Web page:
Scotty was fortunate to have such a compassionate caretaker. You gave him the best individualized attention.
I’m sure he felt an “Oh boy!” moment every time he got the special grain treat.
You gave your best.
Maria, What I like about your blog and Jon’s is that you are both, to me, appear to be honest in your feelings. I know you have many readers as does Jon, and that not everyone has experienced the reality of living in the country or on a small farm holding as you are doing now. Having animals on a farm is a whole lot different than the concept of them living on a farm. The reality is, when they get sick, if they can’t be cured, they need to be put down. That isn’t easy for the caregivers of such animals…though I know farmers get hardened pretty early to this reality, or if you’ve grown up on a farm, you get more detached to animals living there. You can’t get emotionally involved with them if you are a farmer. But a smallholding farmer, I think you can’t help but get emotionally involved with them in caring for them. They are more like pets, they are part of you and I hope in being honest about what goes on there at ‘bedlam farm’ others will understand, it is not easy loosing an animal or having to put it down. We humans are kinder to animals in the throes of pain and dying then we are to humans…a conflicting problem..I know.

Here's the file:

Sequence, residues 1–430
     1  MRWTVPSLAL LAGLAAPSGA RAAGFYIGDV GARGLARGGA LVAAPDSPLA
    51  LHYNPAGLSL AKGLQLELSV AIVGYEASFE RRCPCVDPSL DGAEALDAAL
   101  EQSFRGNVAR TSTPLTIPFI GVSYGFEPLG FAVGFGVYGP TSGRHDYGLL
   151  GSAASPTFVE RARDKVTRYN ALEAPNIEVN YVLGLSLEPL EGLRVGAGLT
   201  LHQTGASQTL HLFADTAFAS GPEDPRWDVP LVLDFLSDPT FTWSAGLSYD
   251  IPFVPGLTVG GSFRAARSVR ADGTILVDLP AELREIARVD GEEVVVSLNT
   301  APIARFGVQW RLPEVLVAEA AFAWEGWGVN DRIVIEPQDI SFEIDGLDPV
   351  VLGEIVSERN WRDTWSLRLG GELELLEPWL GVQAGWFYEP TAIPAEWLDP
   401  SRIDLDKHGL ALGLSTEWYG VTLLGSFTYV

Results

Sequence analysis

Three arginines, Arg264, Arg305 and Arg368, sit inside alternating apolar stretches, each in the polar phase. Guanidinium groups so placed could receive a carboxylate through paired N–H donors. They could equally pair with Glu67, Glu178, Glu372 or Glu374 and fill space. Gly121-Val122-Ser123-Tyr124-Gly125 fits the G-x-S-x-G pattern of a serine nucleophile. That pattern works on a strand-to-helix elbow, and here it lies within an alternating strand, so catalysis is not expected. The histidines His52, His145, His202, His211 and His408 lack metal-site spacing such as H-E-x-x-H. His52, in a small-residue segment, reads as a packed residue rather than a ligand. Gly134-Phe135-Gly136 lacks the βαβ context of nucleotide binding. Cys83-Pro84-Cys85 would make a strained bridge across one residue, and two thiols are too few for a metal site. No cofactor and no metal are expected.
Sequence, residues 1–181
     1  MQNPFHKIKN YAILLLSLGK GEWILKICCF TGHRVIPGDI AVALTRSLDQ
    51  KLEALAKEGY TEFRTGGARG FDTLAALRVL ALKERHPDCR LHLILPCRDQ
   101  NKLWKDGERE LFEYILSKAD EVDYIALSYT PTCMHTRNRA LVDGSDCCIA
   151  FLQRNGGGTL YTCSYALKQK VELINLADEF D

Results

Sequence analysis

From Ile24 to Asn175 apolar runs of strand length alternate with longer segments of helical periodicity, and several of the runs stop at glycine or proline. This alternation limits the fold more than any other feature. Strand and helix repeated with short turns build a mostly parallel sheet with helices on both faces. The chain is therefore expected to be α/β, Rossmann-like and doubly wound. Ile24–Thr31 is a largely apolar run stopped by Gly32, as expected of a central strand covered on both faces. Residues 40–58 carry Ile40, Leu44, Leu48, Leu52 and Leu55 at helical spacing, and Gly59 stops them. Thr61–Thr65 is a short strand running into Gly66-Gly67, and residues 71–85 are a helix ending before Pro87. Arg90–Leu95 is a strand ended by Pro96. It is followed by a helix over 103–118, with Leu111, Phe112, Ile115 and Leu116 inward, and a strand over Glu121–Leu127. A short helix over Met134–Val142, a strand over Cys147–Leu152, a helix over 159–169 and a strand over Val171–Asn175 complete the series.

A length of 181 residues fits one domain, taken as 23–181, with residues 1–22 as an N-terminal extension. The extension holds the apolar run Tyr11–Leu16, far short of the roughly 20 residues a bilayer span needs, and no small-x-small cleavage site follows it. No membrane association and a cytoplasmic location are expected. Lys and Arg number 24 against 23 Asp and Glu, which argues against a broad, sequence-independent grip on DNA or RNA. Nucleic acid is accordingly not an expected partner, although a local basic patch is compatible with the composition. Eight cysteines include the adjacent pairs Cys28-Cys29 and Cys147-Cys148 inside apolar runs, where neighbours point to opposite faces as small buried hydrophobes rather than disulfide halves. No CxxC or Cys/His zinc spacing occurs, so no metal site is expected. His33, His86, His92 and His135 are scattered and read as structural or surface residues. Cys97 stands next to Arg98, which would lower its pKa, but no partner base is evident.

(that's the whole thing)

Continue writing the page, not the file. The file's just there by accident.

I loved watching your videos of Scotty, following you into the barn, for his grain. It was if he were a puppy, ears flopping as he ran, instead of a lamb. It was the most adorable thing to see.
You gave him such a sweet life, in the short time he was with you. I could feel the joy, that he brought to you, and I now am feeling your pain……
Thank you, Maria, for sharing both of your feelings, with us.
Go in peace, Scotty.
Maria: I’m so sorry about Scotty. After I sent you that wacky naming narrative for him based on the gigantic old painting of a sacrificial lamb (the Ghent Altarpiece), I was so glad to see him named something sweet like Scotty (and it was a beautiful tribute). It was always a joy to see him eating his grain, ambling about the farm, and seeming to thrive there. He had a lovely life with you, and you were a great human caretaker to him. I wish you, as you say, ongoing ‘balance’ there. The farm seems to have an almost magical way of replenishing and rebalancing. I know it springs from you and Jon, and the ‘magic’ that is your daily hard work and creative energy. May it continue always. #RIP, Scotty – Kim